BP Deploying Armada Of Unmanned Drone Boats – Called Wave Gliders – To Monitor BP Gulf Oil Spill


Breaking News: BP has announced it will deploy an armada of unmanned drone boats – called Wave Gliders – to monitor the BP Gulf Oil Spill.

These unmanned marine robots run completely off of wave action and solar power and will be deployed for years at a time to monitor water quality, marine mammal vocalizations and weather and water temperature data.

Is this good news? Will BP published the data it collects?

Or will any oil detected just be reported to their mercenaries who will spray the oil with dispersantsand continue the cover up?

Via BP.com

BP Deploying Advanced Unmanned Water Quality Monitoring Vehicles in Gulf of Mexico

Release date: 25 August 2010

THEODORE, AL – As part of its long term monitoring and research program in the Gulf of Mexico, BP is deploying a new technology that will enable nearly constant monitoring by two satellite-controlled, unmanned vehicles.

The vehicles, known as Wave Gliders and developed by Liquid Robotics in Silicon Valley, California, get their propulsion power from wave action and use solar power for their electronics. They will be deployed beginning today and begin a months-long, ongoing research program in the Gulf of Mexico.

“These vehicles will provide us a steady stream of data about water quality and should significantly increase the available data for ongoing research activity,” said Mike Utsler, chief operating office of BP’s Gulf Coast Restoration Organization. “We will initially deploy the Wave Gliders between the Macondo well and the shoreline, and look to expand from there in the future.”

The unique technology allows deployment of sensors persistently, for the long term, to monitor key environmental variables, including:

  • water quality – detection of any emulsified, dissolved and dispersed oil in water; phytoplankton (chlorophyll); colored, dissolved oxygen matter (CDOM) and other scientifically useful variables
  • marine mammal vocalizations
  • weather and water temperature data.

“Initially we will be calibrating a set of nine optical sensors to monitor water quality, including trace amounts of dispersed oil, and will then add acoustic monitoring of marine mammal activity,” said Roger Hine, president and CEO of Liquid Robotics. “We look forward to working with BP on this extended research program.”

The first two Wave Glider vehicles will be deployed to the vicinity of the Macondo well; a second pair will be deployed in September. Data collected by the vehicles will be relayed via satellite and posted on a public website.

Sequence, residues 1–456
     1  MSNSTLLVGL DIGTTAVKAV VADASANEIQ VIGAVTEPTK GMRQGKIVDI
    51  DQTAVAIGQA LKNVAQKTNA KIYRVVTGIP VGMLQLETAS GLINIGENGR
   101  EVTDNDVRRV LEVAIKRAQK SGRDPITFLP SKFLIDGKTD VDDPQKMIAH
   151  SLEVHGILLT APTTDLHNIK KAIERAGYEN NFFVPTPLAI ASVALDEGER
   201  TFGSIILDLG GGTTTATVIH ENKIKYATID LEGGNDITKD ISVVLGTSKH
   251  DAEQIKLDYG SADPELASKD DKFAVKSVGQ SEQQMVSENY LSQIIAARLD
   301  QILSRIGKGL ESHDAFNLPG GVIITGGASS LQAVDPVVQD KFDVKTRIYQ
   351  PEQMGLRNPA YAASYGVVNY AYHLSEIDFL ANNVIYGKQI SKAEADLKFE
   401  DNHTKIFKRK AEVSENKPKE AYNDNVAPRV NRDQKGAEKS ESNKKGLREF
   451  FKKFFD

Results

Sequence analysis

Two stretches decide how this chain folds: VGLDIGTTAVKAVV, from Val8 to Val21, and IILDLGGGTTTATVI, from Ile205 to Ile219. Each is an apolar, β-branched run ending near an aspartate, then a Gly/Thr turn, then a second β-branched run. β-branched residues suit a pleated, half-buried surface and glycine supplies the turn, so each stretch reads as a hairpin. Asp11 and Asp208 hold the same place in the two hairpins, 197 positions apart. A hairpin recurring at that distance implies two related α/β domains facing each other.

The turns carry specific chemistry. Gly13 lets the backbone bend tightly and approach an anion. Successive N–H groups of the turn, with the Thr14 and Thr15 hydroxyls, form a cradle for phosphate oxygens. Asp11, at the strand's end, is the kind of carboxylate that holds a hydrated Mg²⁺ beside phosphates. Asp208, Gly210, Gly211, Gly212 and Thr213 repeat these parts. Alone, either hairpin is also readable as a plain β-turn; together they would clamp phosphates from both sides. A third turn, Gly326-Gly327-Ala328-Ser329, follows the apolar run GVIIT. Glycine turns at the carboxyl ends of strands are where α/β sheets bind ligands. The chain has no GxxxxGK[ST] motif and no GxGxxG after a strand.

Note to editors: A fact sheet with more details of the Wave Glider technology is included at the bottom of this document.

Also, access multimedia by going to the ftp site here:

Username is LRIMedia
Password is Pre55Kit

For further information:

BP Press Office, London: +44 20 7496 4076
BP Press Office, US: +1 281 366 0265

Wave Glider Fact Sheet

From the manufacturer of the drone boats, Liquid Products.

Practical Applications

Government/Military – National Defense, Anti-terrorism, Anti-smuggling, Port and Harbor Security, Transportation Safety, Energy and Transportation

Scientific/Environmental – Climate Science, Oceanography, Meteorology, Water Quality Monitoring, Tsunami Warning, Resource and Bathymetric Survey, Sanctuary Management, Security, and Patrol, Climate Science (CO2 Flux), Marine Mammal Monitoring

Industrial – Natural Resources Discovery, Water Quality Monitoring, Fisheries Management, Aquaculture


Wave Glider Is Energy Self-Sufficient and Autonomous


There are no functional persistent surface vehicles currently on the market.  Government and civilian users have many requirements for a persistent presence over wide ocean areas that can only presently be met with manned vessels that require complicated logistics and great expense.  All current unmanned surface vehicles require externally supplied energy for missions of longer than a few days.

But many ocean observation tasks require equipment to be positioned at the sea surface for long durations.  For these tasks a large number of small, low cost, observation systems tend to be used.  Without an anchor, currents and weather will tend to pull a surface vehicle, requiring energy to resist these effects.  The problem worsens as vehicle size decreases, so a small vehicle must harvest energy from the environment to maintain its position indefinitely.


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